Will the Court grant leave to continue proceedings when an association enters voluntary administration before final orders?

The NSW Court of Appeal has recently dealt with the issue of whether leave should be granted to allow proceedings to continue to final orders in a situation where administrators were appointed after publication of the Court's reasons, but before final orders were made.


Section 440D of the Corporations Act (Act) prevents proceedings from being commenced or continued during the period of administration of a company, except:

  1. with the administrator's written consent; or
  2. with the leave of the Court and in accordance with such terms (if any) as the Court imposes.
The purpose section 440D of the Act is to stay (or freeze) proceedings against a company which is in voluntary administration, so that the administrator is not distracted by litigation against the company.

This section of the Act was relevant to a recent NSW Court of Appeal proceedings in which McCabe Curwood successfully represented the appellants, being the case of Lianos v Order of AHEPA NSW Inc (No 2) [2020] NSWCA 304. The appeal concerned the validity of changes to the constitution of Order of AHEPA NSW Inc (the Association), and resolutions purportedly passed in general meetings by members, a number of whose membership was also in dispute.

What was unique about this case is that the Association went into voluntary administration shortly after the Court of Appeal published its reasons, but before orders were made by the Court of Appeal to give effect to such reasons.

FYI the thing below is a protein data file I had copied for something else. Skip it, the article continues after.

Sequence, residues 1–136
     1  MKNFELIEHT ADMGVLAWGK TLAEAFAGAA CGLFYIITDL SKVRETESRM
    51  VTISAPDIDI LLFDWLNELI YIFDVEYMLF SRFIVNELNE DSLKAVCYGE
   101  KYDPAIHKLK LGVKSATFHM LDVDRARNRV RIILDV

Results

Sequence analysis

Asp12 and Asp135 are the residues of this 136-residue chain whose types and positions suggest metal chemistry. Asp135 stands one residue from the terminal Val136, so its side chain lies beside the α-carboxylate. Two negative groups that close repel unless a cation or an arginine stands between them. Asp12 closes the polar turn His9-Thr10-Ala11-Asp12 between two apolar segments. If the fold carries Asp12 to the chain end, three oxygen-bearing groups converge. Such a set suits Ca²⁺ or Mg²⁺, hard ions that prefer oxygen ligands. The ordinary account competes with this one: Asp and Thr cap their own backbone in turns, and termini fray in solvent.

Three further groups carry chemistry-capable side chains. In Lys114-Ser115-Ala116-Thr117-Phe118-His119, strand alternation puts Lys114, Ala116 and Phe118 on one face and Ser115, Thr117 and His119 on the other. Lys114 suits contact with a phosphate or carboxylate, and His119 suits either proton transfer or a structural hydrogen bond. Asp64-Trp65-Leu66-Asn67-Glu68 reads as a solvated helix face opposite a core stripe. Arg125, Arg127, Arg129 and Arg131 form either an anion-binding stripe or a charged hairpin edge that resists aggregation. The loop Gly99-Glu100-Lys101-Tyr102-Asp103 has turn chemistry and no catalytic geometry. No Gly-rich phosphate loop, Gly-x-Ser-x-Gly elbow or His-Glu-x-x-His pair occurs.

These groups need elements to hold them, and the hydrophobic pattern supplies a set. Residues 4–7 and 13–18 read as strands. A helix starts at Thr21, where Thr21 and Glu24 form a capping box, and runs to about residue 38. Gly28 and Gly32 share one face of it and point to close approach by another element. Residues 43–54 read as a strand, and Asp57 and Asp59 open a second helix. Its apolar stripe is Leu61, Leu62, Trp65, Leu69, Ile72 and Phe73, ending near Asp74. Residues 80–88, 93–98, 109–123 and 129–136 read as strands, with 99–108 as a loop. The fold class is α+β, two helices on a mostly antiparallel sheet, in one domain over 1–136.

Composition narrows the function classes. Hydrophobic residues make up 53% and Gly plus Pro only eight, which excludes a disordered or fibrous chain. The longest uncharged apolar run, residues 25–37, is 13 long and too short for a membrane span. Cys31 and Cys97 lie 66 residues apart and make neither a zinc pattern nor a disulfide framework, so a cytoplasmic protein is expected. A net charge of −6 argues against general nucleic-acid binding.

The administrators did not provide consent to the proceedings being continued.

As such, the Court had to decide whether to grant leave under section 440D(1)(b) of the Act to proceed to make final orders to give effect to its reasons.

In exercising the Court's discretion, it was noted that there was nothing before the Court to suggest that the financial position of the Association changed materially simply by reason of the Court's decision, as it must have been foreseen as a possibility that the appeal might be upheld, with whatever consequence that may have had on the liabilities of the Association.

Importantly, the Court also noted, "where a dispute concerns governance of an association, as is the present dispute, there would be every reason for leave to be granted to ensure certainty in relation to the administration or the winding up."

Having determined to grant leave, the Court then proceeded to make final orders and declarations in the form proposed by the appellants, including a costs order against the Association.

This is an interesting decision in the context of the operation of section 440D of the Act, as unlike other occasions, the Court had to consider whether leave should be granted for proceedings to continue in a situation where a company or association goes into voluntary administration in the period of time after publication of the Court's reasons, but before final orders were made.

The decision is important, given the clarity it provides in the approach the Court is likely to take on the question of granting leave under this section on matters concerning corporate governance, especially if it helps in providing certainty in relation to the administration or the winding up of a corporation.


Lachlan Hallab Law Graduate